Q: Was there anything you didn’t like?

Not really. I can see some people finding the whole all we are doing is swallowing things in a hole repetitive, but there are a variety of puzzles that add to the game. And it is not terribly long, as you probably expect, so it doesn’t overstay its welcome.

Q: Favorite scene, character, or level?

I thought that the game over screen was a nice touch. I wasn’t sure where it was going to go and then it leads to a surprise cutscene. I am not sure if it is actual canon or not, but I feel it adds a little layer by potentially breaking the fourth wall with it. It felt like a nice surprise. As surprising as a game over screen can be in a game where you swallow things in a hole.

Q: Any final thoughts or anything else you would like to add?

Quack.

WoW, This Is It?

It is extremely telling for me that an expansion dominated by trolls is not drawing me back in to play World of Warcraft every night. Battle for Azeroth’s initial grip on me has slackened greatly and now I regret committing to a three month run.

Here’s the rub: Battle for Azeroth, and current World of Warcraft in general, is a solid iteration of a game that has no right to be this good this many years later. That said, I feel like its a pretty boring single player RPG, a lackluster multiplayer game, and an awful MMORPG. I had hoped to get a solid month plus out of it but I don’t know if I can anymore.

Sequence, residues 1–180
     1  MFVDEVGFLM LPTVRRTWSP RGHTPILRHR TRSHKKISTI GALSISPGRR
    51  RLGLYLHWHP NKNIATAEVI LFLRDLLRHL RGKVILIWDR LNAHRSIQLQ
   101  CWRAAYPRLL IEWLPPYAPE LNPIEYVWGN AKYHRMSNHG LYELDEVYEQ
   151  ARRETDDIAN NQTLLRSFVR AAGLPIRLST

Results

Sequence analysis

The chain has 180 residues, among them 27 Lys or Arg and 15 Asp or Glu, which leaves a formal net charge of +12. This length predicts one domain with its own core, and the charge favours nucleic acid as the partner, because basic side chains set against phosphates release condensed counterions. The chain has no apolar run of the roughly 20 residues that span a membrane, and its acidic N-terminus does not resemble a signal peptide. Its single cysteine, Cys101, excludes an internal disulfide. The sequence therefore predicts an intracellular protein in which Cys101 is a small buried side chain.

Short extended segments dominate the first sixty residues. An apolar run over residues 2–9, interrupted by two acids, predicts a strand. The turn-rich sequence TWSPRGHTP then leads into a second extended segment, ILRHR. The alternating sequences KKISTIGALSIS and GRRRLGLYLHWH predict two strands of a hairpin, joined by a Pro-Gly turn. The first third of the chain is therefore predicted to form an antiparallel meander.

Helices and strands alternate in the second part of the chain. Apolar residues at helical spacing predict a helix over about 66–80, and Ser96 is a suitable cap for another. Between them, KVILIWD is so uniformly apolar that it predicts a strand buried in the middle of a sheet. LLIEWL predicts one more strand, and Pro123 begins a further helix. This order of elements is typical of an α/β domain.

Let’s rundown some of my biggest problems with the game “as is” in Battle for Azeroth:

Progression Regression

Leveling, as in playing the game, is still a lot of fun in World of Warcraft. Leveling, as in playing a roleplaying game where you expect your character to advance and evolve, has never been worse.

When you level up in Battle for Azeroth, you get nothing. No talents, abilities, or anything of any kind of merit whatsoever. Everything scales now too so there isn’t even a sense of “being able to go places I previously couldn’t”. Outside of padding, I don’t understand why they added more levels in the first place.